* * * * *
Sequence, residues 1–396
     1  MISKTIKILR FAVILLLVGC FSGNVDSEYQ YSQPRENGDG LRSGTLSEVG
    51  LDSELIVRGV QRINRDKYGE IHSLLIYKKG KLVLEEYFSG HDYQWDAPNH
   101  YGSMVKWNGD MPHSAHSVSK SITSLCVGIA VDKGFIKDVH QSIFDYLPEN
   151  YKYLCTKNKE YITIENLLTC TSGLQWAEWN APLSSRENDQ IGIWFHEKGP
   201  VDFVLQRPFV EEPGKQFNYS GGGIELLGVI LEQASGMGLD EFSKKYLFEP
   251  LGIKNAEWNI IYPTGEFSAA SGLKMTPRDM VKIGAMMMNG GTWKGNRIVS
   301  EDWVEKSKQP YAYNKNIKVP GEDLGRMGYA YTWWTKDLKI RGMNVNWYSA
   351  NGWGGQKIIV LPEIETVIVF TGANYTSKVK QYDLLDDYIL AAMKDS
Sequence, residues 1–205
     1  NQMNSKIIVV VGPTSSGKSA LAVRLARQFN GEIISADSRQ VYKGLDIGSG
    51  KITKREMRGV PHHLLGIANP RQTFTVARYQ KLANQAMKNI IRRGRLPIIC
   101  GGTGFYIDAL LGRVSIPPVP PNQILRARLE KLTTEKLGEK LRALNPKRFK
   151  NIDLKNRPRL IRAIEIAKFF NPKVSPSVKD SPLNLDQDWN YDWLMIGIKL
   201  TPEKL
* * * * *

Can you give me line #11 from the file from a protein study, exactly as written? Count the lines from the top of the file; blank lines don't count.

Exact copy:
     1  NQMNSKIIVV VGPTSSGKSA LAVRLARQFN GEIISADSRQ VYKGLDIGSG